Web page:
Experiencing God – God’s Will and Your Life

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Well, after a slow start due to weather we have finally made it through the first week of Experiencing God. If you missed last week, no worries, you can jump right in.
As most of you know, I and a group of us went through this study during the fall which led to what we are doing now as a church. And it was the theme of the first unit that really made an impact in me personally, so I’m excited to talk about it today.
Let’s pray and get into it.
Unit 1 of Experiencing God covers the first of what they call the “seven realities” – the seven realities of experiencing God. Basically they are a series of the steps in how we come to know and do God’s will. And reality number 1 is the fact that God is always at work all around us.
This may seem like an obvious truth to most of us, but the reason why it needs to be stated here at the beginning is the fact that, despite what we may claim to believe or even believe that we believe – most of us live our lives as if it were not true. We live our lives as if God finished his work on the sixth day of creation and has been resting ever since. We generally operate as if God set everything in motion and now stands back, watching how it will all work out and only intervening when it is most necessary.
And it is this underlying false belief that results in many a Christian functioning as if we have to do everything ourselves. That we have to figure out what God wants us to do for Him and then do it in our own strength and will power. And when we fail, it just means we have to try harder. And only ask God for help with the really big things that are truly out of our control and ability. After all, He doesn’t like His rest disturbed for things you should be able to do on your own.
Does that about sum it up?
Well, while that may be a popular understanding of how God relates to us lowly humans, that is not at all the picture that Scripture paints of Him. And certainly not how His Son, Jesus, spoke of Him or modeled how to interact with Him. Just the fact that the Son of God came and walked among us is proof that God is not a distant, disinterested dictator, but a compassionate and caring Creator who is close to each one of us.
One thing that Jesus was often in the habit of doing was healing people on the Sabbath day, which really upset the Jewish leaders, because among the many ridiculous laws they had invented about what cannot be done on the Sabbath, healing people was one of them. The original law about the sabbath came with the ten commandments and simply said to rest from your work one day each week. The Jews had turned that into a list of hundreds of laws dictating exactly what “work” consisted of such that people were practically banned from breathing on that day. Jesus doing his healing on such a day was intended to show them that they had the law and their concept of God himself all wrong.
One such healing is recorded in John 5 when Jesus healed a man who had not been able to walk for 38 years.
John 5
16 So, because Jesus was doing these things on the Sabbath, the Jewish leaders began to persecute him. 17 In his defense Jesus said to them, “My Father is always at his work to this very day, and I too am working.” 18 For this reason they tried all the more to kill him; not only was he breaking the Sabbath, but he was even calling God his own Father, making himself equal with God.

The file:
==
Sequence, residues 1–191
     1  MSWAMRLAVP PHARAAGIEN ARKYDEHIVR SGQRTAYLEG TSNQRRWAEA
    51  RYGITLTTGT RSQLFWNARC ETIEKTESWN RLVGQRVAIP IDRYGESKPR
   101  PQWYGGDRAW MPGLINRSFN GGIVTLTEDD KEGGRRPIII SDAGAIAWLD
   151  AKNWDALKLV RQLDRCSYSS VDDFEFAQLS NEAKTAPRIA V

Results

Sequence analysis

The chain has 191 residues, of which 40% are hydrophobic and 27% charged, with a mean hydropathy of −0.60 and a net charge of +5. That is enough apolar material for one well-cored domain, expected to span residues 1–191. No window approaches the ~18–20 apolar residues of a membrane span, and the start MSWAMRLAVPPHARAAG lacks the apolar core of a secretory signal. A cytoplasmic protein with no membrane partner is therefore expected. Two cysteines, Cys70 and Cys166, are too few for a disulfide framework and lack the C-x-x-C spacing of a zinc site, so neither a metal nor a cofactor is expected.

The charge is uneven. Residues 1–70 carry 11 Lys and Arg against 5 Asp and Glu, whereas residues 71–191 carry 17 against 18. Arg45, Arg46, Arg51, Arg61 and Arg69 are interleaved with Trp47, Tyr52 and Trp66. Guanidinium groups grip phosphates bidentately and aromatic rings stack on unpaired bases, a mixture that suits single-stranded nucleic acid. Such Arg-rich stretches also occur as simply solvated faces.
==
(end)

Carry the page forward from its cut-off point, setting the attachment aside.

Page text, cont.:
19 Jesus gave them this answer: “Very truly I tell you, the Son can do nothing of himself; he can do only what he sees his Father doing, because whatever the Father does the Son also does. 20 For the Father loves the Son and shows him all he does. Yes, and he will show him even greater works than these, so that you will be amazed”
In this one interchange, Jesus made two profound claims.
One is that God is not at rest. That he is continually working in the world in very specific and personal ways such as healing a lame man.
God is not a distant task master who is only interested in how well his little creatures can jump through hoops to please Him. He is personal and working in and on mankind’s behalf every second of every day – even on the Sabbath.
That’s what Paul is talking about when he says in
Romans 8:28-29
28  And we know that God works all things together for the good of those who love Him, who are called according to His purpose.
Notice who is the active worker – God. God works all things together for the good of those who love Him. That is a powerful statement. How much of your life do you suppose “all things” includes?  All of it?  The Greek behind “all things” is “all things.” So, is there any part of your life that God is not working in?  No.
God is always at work all around us.
And He’s working for our good..but not the “good” that most people think about when they quote this verse. The good God is working toward for you and I is not according to our purposes, our definition of good, our desires. But according to His purposes. His definition of good.  And that definition is spelled out in the very next verse.
Romans 8:28-29
28  And we know that God works all things together for the good of those who love Him, who are called according to His purpose. 29 For those God foreknew he also predestined to be conformed to the image of his Son, that he might be the firstborn among many brothers and sisters.
What is the “good” that God is working toward in those of us who love Him? To be conformed to the image of His Son. God is working all around you in order to make you more like His Son…Jesus. It’s been His plan for you since before the world was made.
So, what does it mean to be the image of Jesus? Well, it has nothing to do with what you look like. And it’s not about copying his life and doing the things He did. It is ultimately about developing the same character as Jesus, and one character in particular which was the root cause of everything that Jesus said and did.
He spelled it out himself in the passage we first looked at from John 5. After pointing out to his detractors that God himself was always working, He made a bold claim about himself..
John 5
19 Jesus gave them this answer: “Very truly I tell you, the Son can do nothing of himself; he can do only what he sees his Father doing, because whatever the Father does the Son also does. 20 For the Father loves the Son and shows him all he does. Yes, and he will show him even greater works than these, so that you will be amaze”
Jesus, the Son of God, claimed that He could do nothing of himself. That, though he was equal with God, He did not act in his role of supreme ruler of the universe while walking on earth as a man. Instead, he submitted his will completely to the Father. In other words, he was 100% obedient 100% of the time.
Paul expressed this fact rather eloquently in
Philippians 2
6Who, being in very nature God,
    did not consider equality with God something to be used to his own advantage;
7rather, he made himself nothing
    by taking the very nature of a servant,
    being made in human likeness.
8And being found in appearance as a man,